My island of Mauritius was back in the news last week. The MedPoint scandal took an unprecedented twist as Pravind Jugnauth, leader of the Militant Socialist Movement (MSM) and son of the President Aneerood, was arrested and subsequently charged under the Prevention of Corruption Act (POCA). This followed the award of a £3.8m contract to MedPoint Limited while Finance Minister, a company his relative had a 29.59% interest in.
Mauritius has a chequered history of corruption, a number of which during the late 1990’s brought down the first tenure of current Prime Minister Navin Ramgoolam. The rainbow island has endured a cruel stigma as being a rogue state where people in authority are influenced by bribes and unsolicited gifts, part of which sadly is warranted, the rest of which possibly a lazy and ignorant stereotype of African countries in general which is totally unwarranted.
Jugnauth is not going down without a fight, and there are a number of fascinating sub-plots playing out with an increasing probability that an early election will be called. This in turn introduces the intriguing prospect of Paul Berenger returning as Prime Minister.
What has been interesting to note as ever has been the attitudes of British based ex-pats, what you might describe as a condescending glance of disgust. A resignation that this is typical of Mauritius, that things will never change and they will always be that way. A sad and incredibly damaging indictment it must be said.
Former colonial republics like Mauritius look to nations like Britain to set an example, and despite replacing the Queen as head of state nineteen years ago still have the Privy Council as the highest point of appeal within the Mauritian legal system. Like several Commonwealth nations, it’s almost a reinforcement of the idea that even after independence, there is still a nod to the former colonial powerhouse as the figure of guidance when administering their own affairs.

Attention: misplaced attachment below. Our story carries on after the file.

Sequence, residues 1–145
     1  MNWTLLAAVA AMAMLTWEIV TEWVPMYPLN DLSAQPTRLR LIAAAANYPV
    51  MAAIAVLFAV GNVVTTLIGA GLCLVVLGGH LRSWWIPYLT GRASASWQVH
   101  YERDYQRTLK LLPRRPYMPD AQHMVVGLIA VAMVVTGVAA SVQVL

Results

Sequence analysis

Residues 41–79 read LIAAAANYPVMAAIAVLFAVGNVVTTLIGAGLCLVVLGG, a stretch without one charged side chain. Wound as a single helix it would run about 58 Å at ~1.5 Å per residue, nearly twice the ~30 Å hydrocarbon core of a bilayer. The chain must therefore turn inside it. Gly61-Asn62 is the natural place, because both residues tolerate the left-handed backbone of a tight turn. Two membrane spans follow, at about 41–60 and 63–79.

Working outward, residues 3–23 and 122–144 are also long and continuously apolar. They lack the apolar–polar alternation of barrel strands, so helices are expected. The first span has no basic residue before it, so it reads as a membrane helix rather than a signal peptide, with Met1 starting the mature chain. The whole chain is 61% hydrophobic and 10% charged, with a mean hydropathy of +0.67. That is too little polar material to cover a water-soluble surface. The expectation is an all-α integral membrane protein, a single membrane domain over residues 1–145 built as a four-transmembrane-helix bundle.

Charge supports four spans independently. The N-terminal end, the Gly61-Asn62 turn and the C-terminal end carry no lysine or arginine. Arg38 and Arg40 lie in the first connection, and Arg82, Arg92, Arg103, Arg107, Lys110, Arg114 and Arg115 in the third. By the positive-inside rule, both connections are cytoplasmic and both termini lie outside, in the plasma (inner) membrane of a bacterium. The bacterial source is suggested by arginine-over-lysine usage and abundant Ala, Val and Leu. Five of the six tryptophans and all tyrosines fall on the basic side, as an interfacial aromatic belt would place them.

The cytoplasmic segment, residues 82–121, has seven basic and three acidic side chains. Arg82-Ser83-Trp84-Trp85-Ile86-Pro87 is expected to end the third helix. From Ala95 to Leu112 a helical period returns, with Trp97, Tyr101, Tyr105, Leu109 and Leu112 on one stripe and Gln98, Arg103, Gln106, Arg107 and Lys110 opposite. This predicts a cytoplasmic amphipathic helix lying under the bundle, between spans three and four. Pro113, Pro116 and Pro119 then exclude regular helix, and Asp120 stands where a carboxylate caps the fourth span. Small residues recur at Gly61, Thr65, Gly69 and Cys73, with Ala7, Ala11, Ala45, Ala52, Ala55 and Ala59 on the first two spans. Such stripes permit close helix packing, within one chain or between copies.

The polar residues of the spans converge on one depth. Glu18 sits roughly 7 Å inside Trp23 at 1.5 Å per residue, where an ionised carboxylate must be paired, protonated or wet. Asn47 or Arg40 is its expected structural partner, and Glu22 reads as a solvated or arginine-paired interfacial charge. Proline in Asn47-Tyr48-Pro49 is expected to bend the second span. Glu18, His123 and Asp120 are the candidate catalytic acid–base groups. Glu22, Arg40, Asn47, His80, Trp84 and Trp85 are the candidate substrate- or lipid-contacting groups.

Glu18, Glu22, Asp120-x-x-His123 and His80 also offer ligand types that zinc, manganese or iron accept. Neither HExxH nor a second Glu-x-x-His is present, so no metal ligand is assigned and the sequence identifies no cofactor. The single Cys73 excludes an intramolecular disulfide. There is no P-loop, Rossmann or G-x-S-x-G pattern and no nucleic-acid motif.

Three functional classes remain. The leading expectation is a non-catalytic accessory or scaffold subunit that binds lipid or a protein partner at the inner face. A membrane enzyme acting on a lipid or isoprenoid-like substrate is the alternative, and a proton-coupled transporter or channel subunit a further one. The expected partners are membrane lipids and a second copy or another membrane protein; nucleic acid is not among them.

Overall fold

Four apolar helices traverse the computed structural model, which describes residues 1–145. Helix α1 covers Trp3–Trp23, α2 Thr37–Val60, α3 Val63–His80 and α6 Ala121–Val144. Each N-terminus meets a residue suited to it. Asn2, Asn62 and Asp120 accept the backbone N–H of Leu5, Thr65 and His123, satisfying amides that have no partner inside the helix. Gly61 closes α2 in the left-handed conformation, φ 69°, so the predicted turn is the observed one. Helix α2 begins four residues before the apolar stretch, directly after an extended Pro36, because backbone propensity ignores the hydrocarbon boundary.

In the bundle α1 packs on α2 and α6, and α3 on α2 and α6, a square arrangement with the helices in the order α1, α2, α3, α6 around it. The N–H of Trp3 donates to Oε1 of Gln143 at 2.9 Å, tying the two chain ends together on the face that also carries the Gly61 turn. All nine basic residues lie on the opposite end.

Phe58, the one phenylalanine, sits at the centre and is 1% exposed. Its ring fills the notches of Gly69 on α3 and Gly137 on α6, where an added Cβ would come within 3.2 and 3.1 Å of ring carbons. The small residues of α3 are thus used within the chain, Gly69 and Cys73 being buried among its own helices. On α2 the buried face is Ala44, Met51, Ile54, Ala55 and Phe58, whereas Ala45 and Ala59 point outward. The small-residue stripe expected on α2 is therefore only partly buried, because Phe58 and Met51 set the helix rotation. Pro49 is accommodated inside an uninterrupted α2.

It’s perhaps this status as a position of guidance that provides ex-pats with a confidence in Britain, an unquestionable faith that it can teach Mauritius a few lessons in responsible governance. But we all know what happens to people in glass houses.
For all the criticisms of Mauritius, there must at the very least be an acknowledgement that it is a country which is attempting to address the problem of corruption. It’s open to conjecture as to how much more it could be doing of course, and critics will rightly argue that there is a long way to go.
That being said I’m deeply troubled when British based ex-pats feel assured enough to take the moral high ground over Mauritius, I feel it is essentially a flawed position. Britain is far from perfect, from “Cash for Questions” to “Cash for Honours”, and lest we forget the military scandals involving the sales of weapons to Iraq and Sierra Leone. The biggest police force in the UK is currently working hard to bury a corruption scandal that saw the two most senior officers resign earlier this year. Central to the controversy was the figure of Andy Coulson, who having left the newspaper at the centre of the allegations, went on to become the Director of Communications for British Prime Minister David Cameron.
As things stand nobody has ever been charged with any offence in Britain related to any of these scandals. A few low level MP’s were successfully prosecuted following the expenses scandal, but all of the scandals involving senior figures have all followed the same tired pattern. A scandal arises; people are hauled in for questioning which is later followed by more questioning. The Crown Prosecution Service (CPS) will consider the case before reporting back several months later when the furore has evaporated and subsequently announce that there is a lack of evidence to proceed with any charges.
The next time somebody from Britain would like to lecture about the never ending web of corruption in Mauritius, try asking them this: whatever happened to “Lord Cashpoint”?